‘Severe’ outlook says Caritas in Statement on the Oceania environment
Caritas has shifted the dial to ‘severe’ for four of its five environmental indicators, while climate finance for the poor has remained stubbornly at ‘woefully inadequate’ for seven years.
Caritas Aotearoa New Zealand has monitored five environmental issues affecting people of the Pacific since 2015 through its State of the Environment for Oceania reports. In conjunction with other Caritas Oceania members and community-based partners throughout the Pacific, they have told the story of how extreme weather, rising seas and coastal erosion, access to safe local food and water, offshore mining and drilling, and inadequate climate finance supporting the poor are affecting the peoples of Oceania.
Last week, almost 80 people gathered for Caritas Oceania’s online talanoa “Towards our Future Home: Imagining the Future we Need” to consider the enviromental challanges and solutions facing the region, through the experience of the poor.
The inter-related nature of the changes was illustrated by Caritas Tonga Director Suliana Falemaka: “Climate change is impacting our lands, coasts, water supplies and weather patterns. In Tonga, we have longer and more frequent droughts … People in low-lying coastal areas are seeing stronger storm, surge and flood events; while saltwater is contaminating groundwater and affecting drinking supplies.”
Kositatino Tikomaibolatagane of Caritas Fiji said, "Coastal erosion has been affecting many communities in the Pacific, especially here in Fiji. More than three communities have been relocated elsewhere and 40 more communities are in the pipeline for the government plan to relocate them due to the problem of coastal erosion which resulted from sea level rise. A road which was accessible to vehicles up till last year is not accessible anymore because erosion has destroyed it."
The talanoa also highlighted the need to fully involve youth and Indigenous perspectives, and prioritising basic human rights to healthy food and safe drinking water. Technology needs to be used appropriately for the common good. Youth and Indigenous perspective need to be fully incorporated into problem solving.
“If we look after our land, it will look after us,” said Mina Pomare-Peita, principal of Te Kura Taumata O Panguru. “As Indigenous, we need to take back and understand what time looks like for us. How do we observe the seasons, how do we observe our land, our ocean, our sky, and from there, how do we create solutions.”
In November, thousands of people will gather in Glasgow for the COP26 meeting on climate change. Strong urgent action is needed on many fronts to turn things around for Oceania people directly impacted by sea level rise, coastal erosion and extreme weather events.
“The urgent transition away from fossil fuels can’t be used to justify other forms of exploitation of people and nature,” said Julianne Hickey, Director of Caritas Aotearoa New Zealand. "We continue our call for a ban on seabed mining in both national and international waters. The people of Oceania rely on the ocean for their livelihoods. Seabed mining puts all that at risk”.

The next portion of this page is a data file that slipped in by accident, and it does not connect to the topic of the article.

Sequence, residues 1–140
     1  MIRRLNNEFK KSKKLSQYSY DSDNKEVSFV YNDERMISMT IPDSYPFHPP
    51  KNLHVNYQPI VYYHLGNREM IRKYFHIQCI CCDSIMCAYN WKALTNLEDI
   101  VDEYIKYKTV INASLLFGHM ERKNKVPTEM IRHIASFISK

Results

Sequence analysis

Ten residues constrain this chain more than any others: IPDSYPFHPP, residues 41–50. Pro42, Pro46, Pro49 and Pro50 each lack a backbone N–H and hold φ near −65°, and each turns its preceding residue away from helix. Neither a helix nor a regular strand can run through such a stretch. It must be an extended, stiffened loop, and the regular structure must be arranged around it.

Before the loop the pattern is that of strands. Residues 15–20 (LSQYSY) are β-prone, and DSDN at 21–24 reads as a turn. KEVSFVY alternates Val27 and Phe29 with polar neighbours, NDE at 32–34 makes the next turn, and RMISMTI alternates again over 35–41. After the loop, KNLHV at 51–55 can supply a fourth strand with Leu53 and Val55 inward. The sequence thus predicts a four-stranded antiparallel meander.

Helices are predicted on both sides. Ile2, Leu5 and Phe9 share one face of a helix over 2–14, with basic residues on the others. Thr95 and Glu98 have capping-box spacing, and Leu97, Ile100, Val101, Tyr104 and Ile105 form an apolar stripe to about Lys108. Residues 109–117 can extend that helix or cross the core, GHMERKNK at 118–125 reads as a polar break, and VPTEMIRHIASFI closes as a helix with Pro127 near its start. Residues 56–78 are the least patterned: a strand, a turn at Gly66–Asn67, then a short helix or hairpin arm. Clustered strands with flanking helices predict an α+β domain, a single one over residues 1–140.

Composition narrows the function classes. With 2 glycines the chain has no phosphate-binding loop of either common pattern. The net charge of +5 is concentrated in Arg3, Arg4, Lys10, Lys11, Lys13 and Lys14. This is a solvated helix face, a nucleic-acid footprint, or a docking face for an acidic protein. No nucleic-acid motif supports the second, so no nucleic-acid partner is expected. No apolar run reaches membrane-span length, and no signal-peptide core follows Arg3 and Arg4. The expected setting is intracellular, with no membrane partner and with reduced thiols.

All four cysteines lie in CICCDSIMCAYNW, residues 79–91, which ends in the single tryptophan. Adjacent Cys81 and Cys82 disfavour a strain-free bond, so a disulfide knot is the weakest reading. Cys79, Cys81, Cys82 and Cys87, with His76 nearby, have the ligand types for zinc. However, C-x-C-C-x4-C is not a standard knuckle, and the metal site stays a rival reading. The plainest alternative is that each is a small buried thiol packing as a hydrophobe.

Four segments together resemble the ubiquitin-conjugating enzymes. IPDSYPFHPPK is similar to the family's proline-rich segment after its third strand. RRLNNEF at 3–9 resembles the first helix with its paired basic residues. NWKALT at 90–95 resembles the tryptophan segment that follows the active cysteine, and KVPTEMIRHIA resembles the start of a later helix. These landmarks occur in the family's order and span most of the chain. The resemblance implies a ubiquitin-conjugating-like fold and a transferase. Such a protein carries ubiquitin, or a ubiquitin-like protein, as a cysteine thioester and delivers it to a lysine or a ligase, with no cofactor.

“The latest IPCC report in August warned of huge climatic changes for us all. But it also signalled, big changes in behaviour by us now could start to start to make a difference in 20 years,” said Julianne Hickey. “That’s a long time politically, but it’s not a long time to make a real difference for our children’s children.”
Caritas releases its report annually on 4 October, the Feast of St Francis of Assisi. St Francis exemplified a love for creation. It is therefore appropriate that we call for each of us to consider what steps we can take to ensure future generations inherit a world that has been properly cared for.
Pope Francis has called upon all people to ensure that we care for creation so that our world is passed onto future generations in a way that serves the common good of all.
The notion of the common good also extends to future generations. The global economic crises have made painfully obvious the detrimental effects of disregarding our common destiny, which cannot exclude those who come after us. We can no longer speak of sustainable development apart from intergenerational solidarity. Once we start to think about the kind of world we are leaving to future generations, we look at things differently; we realize that the world is a gift which we have freely received and must share with others. - Pope Francis, Laudato Si', 159.
Further supporting material can be found on the Caritas website at https://caritas.org.nz/state-environment-oceania-2021
For information contact: Roger Ellis, Engagement Manager, email: firstname.lastname@example.org or 021 526 264 (mobile).
Caritas Aotearoa New Zealand is the New Zealand Catholic Bishops’ agency for justice, peace and development, and incorporates Catholic Volunteers Overseas. We are working for a world free of poverty and injustice through community development, advocacy, education, and emergency relief. Caritas Aotearoa New Zealand is a member of Caritas Internationalis, a confederation of 165 Catholic aid, development and social justice agencies active in over 200 countries and territories.